Monday, October 25, 2004

Gather Your Seeds While You May

I'm not the world's greatest gardener, but I like to borrow seeds, ideas or just moral support from others' gardens to add punch to my own. Last weekend, I took a stroll through a special garden of a friend. I realized I was actually following Julia Cameron's advice in "The Artist's Way," but without really trying -- to make an artist's date with yourself on a regular basis to enhance your writing or artistic expression.

I soon realized the garden's rich pallette of sights, smells and stories stood forth to be preserved before the deep freeze of winter erradicated their beautiful images, leaving a blank slate and/or an empty journal page come spring thaw.

So there I was, among those fortunate enough to be surrounded on a sunny morning, husband in hand, with amazing verdant splendor I didn't think possible at the end of October. A long, leafy plant vined in and out of the fence topped here and there with lovely lilac-colored variegated flowers alternated with plump, purplish seed pods the shade of eggplant. It's a Hyacinth Bean, our friend told us. But don't hyacinths only bloom in the spring? It gets its hyacinth name because the flowers smell like hyacinths, although they're just impersonating them, he said. He let us twist off a couple of pods to dry over the winter and plant in April. Each will grow to about 20 feet, he told us. Not high, but long and curling over land otherwise dirtied with ever-present weeds I longed to push out of my garden and my life. I once wrote a series of haikus about the summer I nurtured a long, luxurious butternut squash vine alongside a rented garage formerly littered with broken beer bottles. I looked forward to the hyacinth bean's own story, starting sometime next spring.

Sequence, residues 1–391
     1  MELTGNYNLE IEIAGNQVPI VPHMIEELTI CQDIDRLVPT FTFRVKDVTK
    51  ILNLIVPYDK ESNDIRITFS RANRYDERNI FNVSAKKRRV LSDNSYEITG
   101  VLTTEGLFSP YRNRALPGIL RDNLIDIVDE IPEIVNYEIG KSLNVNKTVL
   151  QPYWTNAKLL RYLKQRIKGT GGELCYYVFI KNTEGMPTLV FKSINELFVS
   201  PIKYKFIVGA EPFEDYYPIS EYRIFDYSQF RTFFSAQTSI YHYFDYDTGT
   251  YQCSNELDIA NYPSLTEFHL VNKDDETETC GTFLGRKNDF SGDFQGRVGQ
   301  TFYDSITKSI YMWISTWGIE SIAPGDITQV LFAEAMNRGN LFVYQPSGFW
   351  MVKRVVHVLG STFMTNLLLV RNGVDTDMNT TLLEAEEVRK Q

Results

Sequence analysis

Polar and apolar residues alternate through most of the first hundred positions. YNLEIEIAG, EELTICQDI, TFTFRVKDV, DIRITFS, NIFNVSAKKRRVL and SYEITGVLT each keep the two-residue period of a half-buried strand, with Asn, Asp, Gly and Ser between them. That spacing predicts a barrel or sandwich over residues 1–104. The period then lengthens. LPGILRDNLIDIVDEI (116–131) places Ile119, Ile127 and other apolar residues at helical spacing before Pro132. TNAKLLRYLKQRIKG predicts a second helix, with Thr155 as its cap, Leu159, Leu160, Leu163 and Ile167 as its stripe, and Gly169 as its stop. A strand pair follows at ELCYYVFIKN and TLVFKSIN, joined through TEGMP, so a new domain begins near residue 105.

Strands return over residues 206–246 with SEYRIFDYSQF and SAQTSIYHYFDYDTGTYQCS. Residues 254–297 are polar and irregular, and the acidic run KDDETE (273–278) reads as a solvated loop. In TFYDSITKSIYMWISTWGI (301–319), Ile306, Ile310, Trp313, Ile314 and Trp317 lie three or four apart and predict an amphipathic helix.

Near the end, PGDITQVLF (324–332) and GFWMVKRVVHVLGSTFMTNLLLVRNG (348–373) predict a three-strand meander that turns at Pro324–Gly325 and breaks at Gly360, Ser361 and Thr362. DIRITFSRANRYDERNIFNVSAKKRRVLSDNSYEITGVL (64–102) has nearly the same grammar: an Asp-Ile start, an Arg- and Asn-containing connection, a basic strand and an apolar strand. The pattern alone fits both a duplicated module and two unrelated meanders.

Our friend next urged us to step onto his front porch. Last summer, he said, I told everyone I'd give $500 to anyone who got a mosquito bite. I had no takers, he boasted. His secret? A plant called Tansy that he grew in pots and placed here and there along the porch. He broke off some leaves, crushed them in his hand and raised them to my nose. They smelled deeply and exotically of lemon verbena.

You like it? he asked. Well, the mosquitos don't. He suggested we could grow our own tansy by purchasing small plants at the garden supply next spring, as tansy is rather impossible to grow from seed and doesn't root from cuttings. Just make sure they don't give you pansies, he warned. Spell it out for them. T-a-n-s-y.

Duly noted. If I don't remember come April, that's what this page is for.

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